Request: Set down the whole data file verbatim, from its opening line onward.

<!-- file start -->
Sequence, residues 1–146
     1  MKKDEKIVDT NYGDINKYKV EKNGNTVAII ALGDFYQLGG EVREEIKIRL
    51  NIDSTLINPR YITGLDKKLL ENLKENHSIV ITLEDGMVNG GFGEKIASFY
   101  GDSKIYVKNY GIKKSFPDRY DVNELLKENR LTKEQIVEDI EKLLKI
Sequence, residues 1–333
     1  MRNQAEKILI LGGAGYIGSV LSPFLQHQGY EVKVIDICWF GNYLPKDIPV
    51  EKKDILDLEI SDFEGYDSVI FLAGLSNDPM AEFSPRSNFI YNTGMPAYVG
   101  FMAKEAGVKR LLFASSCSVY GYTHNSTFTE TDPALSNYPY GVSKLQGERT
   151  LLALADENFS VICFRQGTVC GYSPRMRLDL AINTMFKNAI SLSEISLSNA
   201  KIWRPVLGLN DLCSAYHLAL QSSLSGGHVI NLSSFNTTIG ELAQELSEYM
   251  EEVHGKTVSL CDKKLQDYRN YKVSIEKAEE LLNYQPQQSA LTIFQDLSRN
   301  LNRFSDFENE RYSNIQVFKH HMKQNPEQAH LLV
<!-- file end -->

Sequence, residues 1–146
     1  MKKDEKIVDT NYGDINKYKV EKNGNTVAII ALGDFYQLGG EVREEIKIRL
    51  NIDSTLINPR YITGLDKKLL ENLKENHSIV ITLEDGMVNG GFGEKIASFY
   101  GDSKIYVKNY GIKKSFPDRY DVNELLKENR LTKEQIVEDI EKLLKI
Sequence, residues 1–333
     1  MRNQAEKILI LGGAGYIGSV LSPFLQHQGY EVKVIDICWF GNYLPKDIPV
    51  EKKDILDLEI SDFEGYDSVI FLAGLSNDPM AEFSPRSNFI YNTGMPAYVG
   101  FMAKEAGVKR LLFASSCSVY GYTHNSTFTE TDPALSNYPY GVSKLQGERT
   151  LLALADENFS VICFRQGTVC GYSPRMRLDL AINTMFKNAI SLSEISLSNA
   201  KIWRPVLGLN DLCSAYHLAL QSSLSGGHVI NLSSFNTTIG ELAQELSEYM
   251  EEVHGKTVSL CDKKLQDYRN YKVSIEKAEE LLNYQPQQSA LTIFQDLSRN
   301  LNRFSDFENE RYSNIQVFKH HMKQNPEQAH LLV